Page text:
The Big Vision: Systemic, Equitable, and Sustainable Environmental Literacy

Systemic, equitable, and sustainable programs meet three essential goals for your district's environmental literacy plan.

Systemic programs reach the entire student population in one or more grades within a school district. They also ensure that the teachers of these students receive high quality professional development to give them the content knowledge and pedagogical skills for implementing that program.

Systemic implementation can be a good way of ensuring equity in that these experiences are accessible to all students in a grade level no matter what school they attend or what teacher they have in a given year. Even within this framework there should be opportunities for differentiation in the actual experiences that occur. For example, individual schools may select different partners or field sites to provide more culturally and locally relevant opportunities for learning. Programs should be accessible to all students and accommodations should be made to support students with a range of physical, cognitive, emotional, and social abilities.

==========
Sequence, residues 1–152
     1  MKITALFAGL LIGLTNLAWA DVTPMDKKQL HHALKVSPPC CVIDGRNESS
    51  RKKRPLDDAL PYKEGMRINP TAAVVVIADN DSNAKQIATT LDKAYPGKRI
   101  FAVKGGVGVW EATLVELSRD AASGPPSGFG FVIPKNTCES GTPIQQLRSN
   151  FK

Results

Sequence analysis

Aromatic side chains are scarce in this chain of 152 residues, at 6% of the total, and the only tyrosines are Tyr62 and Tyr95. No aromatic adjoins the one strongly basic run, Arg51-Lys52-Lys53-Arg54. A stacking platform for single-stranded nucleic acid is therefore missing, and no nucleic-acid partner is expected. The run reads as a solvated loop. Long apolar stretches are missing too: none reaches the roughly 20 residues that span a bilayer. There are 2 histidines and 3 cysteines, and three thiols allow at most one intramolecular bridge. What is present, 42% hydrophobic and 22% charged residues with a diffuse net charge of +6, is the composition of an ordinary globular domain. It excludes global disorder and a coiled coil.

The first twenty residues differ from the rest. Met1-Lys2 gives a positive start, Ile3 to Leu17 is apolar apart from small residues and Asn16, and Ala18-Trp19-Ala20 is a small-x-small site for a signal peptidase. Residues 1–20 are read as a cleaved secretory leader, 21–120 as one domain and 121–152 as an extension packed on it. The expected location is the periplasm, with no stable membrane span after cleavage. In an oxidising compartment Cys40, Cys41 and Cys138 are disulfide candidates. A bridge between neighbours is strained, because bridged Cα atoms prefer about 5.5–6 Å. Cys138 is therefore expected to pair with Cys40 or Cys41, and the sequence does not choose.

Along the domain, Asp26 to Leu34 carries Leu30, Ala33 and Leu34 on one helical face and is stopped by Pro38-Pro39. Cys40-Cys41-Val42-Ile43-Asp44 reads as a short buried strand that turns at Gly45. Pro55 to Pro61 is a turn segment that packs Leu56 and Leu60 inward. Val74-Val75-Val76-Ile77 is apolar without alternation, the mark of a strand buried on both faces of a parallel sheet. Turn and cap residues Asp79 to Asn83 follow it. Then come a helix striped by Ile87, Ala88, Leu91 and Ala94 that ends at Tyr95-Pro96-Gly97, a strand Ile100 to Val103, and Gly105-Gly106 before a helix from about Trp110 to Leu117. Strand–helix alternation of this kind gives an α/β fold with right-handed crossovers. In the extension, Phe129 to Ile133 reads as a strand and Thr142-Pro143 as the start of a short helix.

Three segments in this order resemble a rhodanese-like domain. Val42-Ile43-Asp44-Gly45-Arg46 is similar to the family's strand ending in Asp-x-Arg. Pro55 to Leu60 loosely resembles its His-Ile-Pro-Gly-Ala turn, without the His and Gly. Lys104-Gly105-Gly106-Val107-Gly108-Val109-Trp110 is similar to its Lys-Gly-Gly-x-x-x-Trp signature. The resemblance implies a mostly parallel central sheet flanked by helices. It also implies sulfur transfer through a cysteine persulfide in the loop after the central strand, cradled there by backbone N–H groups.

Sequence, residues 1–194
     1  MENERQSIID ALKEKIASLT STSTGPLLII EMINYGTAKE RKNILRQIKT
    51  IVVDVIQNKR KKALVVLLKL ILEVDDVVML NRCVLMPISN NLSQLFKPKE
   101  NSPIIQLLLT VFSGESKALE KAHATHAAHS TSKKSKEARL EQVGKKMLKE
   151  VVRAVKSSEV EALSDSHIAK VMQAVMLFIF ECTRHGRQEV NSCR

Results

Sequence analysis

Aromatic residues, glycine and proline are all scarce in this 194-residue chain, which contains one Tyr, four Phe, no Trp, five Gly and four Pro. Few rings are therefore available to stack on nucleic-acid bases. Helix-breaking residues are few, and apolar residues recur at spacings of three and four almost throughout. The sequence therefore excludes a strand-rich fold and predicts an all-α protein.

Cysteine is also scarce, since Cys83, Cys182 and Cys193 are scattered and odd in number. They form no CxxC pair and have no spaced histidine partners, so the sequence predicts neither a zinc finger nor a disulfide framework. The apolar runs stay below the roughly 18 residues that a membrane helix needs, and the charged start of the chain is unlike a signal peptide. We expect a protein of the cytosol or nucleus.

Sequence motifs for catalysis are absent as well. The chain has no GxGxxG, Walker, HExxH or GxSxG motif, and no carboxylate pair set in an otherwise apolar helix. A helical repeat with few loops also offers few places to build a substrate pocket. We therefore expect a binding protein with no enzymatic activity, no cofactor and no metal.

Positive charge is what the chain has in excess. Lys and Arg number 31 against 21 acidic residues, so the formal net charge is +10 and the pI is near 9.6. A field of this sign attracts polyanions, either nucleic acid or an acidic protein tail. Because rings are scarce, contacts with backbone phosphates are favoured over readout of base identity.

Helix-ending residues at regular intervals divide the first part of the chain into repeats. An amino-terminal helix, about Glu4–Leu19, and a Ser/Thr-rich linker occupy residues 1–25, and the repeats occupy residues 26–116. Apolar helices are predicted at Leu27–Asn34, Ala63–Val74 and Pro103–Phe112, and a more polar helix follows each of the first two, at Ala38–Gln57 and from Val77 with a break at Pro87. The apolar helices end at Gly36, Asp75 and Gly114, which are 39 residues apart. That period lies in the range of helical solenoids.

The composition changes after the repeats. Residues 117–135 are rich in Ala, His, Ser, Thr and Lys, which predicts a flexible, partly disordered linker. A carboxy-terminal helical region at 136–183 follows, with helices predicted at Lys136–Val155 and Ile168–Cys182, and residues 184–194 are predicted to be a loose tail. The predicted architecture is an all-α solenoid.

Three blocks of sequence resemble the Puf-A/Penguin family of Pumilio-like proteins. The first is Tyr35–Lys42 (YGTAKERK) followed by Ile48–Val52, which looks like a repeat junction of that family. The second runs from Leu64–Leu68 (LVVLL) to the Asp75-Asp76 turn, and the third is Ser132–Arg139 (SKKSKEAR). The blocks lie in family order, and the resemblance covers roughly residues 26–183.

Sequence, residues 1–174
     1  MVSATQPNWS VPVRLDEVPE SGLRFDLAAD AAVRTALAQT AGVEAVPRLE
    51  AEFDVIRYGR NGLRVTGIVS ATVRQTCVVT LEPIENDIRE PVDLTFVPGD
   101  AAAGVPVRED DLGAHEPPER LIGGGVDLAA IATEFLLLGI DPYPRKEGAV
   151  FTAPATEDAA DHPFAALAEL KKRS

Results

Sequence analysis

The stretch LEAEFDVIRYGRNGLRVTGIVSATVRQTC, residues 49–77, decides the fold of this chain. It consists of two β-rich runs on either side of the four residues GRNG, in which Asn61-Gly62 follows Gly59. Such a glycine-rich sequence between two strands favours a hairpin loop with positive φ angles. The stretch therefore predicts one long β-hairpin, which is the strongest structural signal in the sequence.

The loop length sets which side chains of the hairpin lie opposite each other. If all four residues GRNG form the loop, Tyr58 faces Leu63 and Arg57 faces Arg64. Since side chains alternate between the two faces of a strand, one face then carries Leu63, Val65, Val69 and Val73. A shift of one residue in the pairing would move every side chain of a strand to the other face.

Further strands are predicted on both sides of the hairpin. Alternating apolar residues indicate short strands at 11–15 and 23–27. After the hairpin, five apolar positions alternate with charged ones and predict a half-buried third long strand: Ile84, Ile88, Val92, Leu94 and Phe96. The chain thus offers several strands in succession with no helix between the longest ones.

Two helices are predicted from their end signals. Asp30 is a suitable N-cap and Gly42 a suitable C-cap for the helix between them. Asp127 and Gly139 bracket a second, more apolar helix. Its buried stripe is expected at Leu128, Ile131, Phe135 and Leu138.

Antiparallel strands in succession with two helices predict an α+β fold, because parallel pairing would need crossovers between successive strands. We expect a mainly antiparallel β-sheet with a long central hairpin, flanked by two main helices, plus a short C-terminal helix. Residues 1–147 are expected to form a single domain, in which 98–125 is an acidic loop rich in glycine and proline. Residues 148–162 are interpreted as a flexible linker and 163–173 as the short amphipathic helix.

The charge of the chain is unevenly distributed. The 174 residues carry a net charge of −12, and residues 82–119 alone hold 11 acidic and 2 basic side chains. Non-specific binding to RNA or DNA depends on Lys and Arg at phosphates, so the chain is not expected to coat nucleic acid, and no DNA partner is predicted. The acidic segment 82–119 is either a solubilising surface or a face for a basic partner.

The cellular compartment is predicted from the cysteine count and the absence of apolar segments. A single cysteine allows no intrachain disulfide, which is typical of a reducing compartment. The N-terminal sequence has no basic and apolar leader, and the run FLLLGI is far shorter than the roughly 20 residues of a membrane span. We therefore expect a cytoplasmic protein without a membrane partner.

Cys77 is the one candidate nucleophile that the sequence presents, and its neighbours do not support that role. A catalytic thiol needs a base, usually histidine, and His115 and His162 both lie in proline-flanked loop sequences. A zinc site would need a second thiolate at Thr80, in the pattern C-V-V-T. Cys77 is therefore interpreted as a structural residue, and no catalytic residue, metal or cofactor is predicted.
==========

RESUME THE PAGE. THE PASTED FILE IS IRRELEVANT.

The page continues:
Two students paint a colorful mural of endangered fish on the wall of their elementary school.
All third grade students in Dorchester County Public Schools participate in a Meaningful Watershed Educational Experience. Students at Choptank Elementary decided to design and paint a mural in their school to raise awareness of the endangered Atlantic sturgeon as a part of their action project. Photo courtesy of Elise Trelegan/NOAA Chesapeake Bay Office.

Environmental literacy programs are the most sustainable in terms of their ability to persist over time when they are embedded into school curriculum and supported with school district resources, rather than when they are “add-on” experiences that require scrambling for short-term funding each year. There are many angles to consider when thinking about sustainability, including but not limited to: location of field experience and potential transportation costs, facility and personnel costs, use of building or campus assets, community partnerships, supplies and equipment, and teacher turnover.

No matter where you are starting, these three goals – systemic, equitable, and sustainable – are important to integrate as you build programs and draft a plan that articulates these efforts.

Learn how to build an environmental literacy plan with an intentionally systemic, equitable, and sustainable approach.